• Be a U.S. citizen and have a valid passport
  • Have earned a bachelor’s degree or be currently enrolled as a sophomore, junior or a senior in a bachelor’s programme. Applicants may also have an associate degree or be a community college student in their last semester.
  • Have a native-like level of English
  • Be in good physical and mental health
  • Have a clean background check
  • Be aged 18 – 60.
  • Have at least basic knowledge of Spanish (recommended)

NALCAP recipients receive a monthly stipend of €700 to €1,000 as well as Spanish medical insurance.

Application dates for 2023 are usually announced in late November. See more information on the NALPAC programme for US nationals here

According to The Fulbright Program, one of several US cultural exchange programmes that organises the recruitment of US nationals for Spain: “English Teaching Assistants assist teaching staff at the early childhood, elementary, middle school, high school, vocational and/or university level for up to 16 hours per week, with an additional two hours for planning & coordination meetings. Responsibilities include assistant-teaching, in English, subjects such as social studies, science and technology, art, physical education, and English language.”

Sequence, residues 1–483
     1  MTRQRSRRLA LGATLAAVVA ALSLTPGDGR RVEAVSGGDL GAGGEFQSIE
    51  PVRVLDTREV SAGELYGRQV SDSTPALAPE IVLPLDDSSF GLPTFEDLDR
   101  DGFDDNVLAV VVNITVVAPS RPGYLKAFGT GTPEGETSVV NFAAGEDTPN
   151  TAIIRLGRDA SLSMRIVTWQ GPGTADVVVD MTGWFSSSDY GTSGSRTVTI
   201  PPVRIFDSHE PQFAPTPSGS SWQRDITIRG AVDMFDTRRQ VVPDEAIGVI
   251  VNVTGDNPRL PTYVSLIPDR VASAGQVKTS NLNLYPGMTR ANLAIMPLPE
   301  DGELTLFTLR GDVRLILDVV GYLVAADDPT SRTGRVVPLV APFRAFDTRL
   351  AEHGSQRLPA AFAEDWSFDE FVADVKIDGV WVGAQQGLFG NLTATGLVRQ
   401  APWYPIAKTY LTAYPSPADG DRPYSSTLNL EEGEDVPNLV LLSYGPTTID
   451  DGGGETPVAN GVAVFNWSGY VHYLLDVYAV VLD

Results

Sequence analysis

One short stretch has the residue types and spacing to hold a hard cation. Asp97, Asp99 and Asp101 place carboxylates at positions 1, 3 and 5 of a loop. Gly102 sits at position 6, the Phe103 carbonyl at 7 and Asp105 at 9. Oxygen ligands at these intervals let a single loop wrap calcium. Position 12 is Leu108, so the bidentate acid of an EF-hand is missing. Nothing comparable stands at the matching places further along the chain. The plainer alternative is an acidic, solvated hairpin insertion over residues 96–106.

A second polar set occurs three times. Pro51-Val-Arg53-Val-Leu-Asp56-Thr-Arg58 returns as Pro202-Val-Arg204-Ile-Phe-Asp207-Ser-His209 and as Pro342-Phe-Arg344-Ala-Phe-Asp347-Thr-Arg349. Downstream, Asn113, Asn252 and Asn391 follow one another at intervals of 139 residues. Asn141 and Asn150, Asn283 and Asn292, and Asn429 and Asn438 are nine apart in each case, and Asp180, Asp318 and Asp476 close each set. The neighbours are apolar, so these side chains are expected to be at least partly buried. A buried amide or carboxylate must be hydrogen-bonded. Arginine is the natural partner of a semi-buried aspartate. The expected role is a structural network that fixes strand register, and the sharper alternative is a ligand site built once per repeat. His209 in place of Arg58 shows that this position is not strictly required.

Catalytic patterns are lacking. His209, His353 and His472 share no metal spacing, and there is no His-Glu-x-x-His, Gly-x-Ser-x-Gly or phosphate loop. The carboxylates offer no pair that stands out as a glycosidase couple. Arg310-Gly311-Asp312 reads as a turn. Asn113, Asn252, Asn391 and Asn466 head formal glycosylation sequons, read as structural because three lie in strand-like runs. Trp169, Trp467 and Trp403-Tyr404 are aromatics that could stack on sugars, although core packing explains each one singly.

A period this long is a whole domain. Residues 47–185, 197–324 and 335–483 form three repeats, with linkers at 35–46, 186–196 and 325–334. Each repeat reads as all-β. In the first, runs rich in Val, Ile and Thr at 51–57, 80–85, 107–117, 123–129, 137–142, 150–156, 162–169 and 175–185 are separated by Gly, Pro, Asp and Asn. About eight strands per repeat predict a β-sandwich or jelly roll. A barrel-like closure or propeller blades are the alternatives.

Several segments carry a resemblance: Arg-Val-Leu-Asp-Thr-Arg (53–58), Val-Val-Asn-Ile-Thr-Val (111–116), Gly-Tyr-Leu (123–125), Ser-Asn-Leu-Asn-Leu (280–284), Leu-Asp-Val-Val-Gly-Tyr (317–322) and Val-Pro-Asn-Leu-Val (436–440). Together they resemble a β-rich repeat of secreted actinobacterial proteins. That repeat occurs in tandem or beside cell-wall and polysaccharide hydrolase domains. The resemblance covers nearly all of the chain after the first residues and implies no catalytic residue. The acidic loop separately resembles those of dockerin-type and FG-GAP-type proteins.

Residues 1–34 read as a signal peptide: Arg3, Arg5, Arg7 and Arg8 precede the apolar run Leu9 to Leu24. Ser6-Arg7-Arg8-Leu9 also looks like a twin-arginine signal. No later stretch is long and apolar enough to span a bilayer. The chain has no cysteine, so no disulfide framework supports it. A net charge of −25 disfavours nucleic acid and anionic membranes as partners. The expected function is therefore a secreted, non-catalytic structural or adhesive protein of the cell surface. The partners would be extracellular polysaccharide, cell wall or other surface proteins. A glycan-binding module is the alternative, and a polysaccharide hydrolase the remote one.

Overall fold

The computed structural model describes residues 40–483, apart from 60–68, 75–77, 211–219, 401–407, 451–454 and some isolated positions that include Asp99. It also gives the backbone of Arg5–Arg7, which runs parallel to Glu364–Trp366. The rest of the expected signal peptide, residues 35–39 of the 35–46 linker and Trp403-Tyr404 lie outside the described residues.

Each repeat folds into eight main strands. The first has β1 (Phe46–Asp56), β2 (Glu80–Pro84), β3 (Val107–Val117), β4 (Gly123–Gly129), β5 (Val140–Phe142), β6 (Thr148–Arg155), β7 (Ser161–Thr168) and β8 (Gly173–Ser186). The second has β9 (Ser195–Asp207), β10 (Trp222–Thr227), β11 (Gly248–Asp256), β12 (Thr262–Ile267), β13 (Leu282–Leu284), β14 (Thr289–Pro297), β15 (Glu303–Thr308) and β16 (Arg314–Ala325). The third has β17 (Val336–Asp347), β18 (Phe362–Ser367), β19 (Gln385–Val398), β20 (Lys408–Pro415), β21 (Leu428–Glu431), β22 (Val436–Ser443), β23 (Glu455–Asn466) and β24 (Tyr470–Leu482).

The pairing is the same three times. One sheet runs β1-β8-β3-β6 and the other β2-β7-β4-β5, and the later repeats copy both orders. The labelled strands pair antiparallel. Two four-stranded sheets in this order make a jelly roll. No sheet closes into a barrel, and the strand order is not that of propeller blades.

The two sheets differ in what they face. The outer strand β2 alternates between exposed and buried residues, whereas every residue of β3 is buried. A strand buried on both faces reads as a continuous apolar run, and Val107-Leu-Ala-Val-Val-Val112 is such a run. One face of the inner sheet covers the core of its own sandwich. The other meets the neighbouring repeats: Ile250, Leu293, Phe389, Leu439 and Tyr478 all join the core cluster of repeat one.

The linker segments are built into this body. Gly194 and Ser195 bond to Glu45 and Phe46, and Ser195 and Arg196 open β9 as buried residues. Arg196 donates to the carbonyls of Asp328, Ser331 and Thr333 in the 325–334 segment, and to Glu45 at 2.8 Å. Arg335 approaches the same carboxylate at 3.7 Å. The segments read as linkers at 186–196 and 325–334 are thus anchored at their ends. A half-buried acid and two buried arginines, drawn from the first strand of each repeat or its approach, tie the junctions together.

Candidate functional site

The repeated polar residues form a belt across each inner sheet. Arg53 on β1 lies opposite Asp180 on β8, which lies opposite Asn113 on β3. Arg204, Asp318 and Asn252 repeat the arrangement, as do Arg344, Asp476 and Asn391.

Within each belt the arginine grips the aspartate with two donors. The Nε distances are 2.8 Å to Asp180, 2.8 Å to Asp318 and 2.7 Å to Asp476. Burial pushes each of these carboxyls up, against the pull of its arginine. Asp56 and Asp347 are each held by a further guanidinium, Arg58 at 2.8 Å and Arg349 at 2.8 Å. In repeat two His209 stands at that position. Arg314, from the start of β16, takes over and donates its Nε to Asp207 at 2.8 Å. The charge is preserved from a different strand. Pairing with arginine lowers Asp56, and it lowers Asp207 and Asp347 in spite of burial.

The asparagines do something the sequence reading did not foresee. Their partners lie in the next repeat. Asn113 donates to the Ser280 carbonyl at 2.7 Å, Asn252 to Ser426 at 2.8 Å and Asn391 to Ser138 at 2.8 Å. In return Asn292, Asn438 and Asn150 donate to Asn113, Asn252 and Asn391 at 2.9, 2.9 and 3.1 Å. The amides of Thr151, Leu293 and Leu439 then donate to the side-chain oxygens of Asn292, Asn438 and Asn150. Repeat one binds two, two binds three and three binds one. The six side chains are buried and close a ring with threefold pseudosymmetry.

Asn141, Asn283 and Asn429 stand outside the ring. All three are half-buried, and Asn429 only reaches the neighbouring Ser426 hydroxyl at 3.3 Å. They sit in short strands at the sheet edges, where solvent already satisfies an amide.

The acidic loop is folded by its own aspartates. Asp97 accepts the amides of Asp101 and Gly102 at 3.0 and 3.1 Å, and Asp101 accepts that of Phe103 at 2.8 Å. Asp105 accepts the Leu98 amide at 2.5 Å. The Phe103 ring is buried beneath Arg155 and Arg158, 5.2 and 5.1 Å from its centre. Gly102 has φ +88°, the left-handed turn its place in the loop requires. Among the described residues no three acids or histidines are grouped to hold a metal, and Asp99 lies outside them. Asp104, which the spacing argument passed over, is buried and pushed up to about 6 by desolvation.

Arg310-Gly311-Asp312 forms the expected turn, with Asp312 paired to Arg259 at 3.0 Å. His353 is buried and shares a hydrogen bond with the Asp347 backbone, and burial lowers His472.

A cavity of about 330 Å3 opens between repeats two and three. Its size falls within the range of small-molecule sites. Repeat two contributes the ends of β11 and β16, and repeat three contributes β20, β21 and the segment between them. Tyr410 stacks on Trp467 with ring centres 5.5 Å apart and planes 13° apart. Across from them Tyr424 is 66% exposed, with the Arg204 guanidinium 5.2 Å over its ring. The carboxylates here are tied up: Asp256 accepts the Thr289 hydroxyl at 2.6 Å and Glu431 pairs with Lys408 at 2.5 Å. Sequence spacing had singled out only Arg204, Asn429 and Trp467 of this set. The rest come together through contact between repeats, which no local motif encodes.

READ MORE: The pros and cons of being an English language assistant in Spain

There are also currently more than 1,000 Spanish teachers working as visiting teachers in the United States, Spain’s Moncloa government has said, without adding yet how many more will be recruited in 2023.

Additionally, more than 1,000 North American students now take part in the Spanish Language and Culture Groups managed by the Spanish Education Ministry’s Overseas Education Action (or Acción Educativa Exterior, AEE).  

Canadian applicants can find out more about working as language assistants in Spain by visiting the NALCAP Canada website.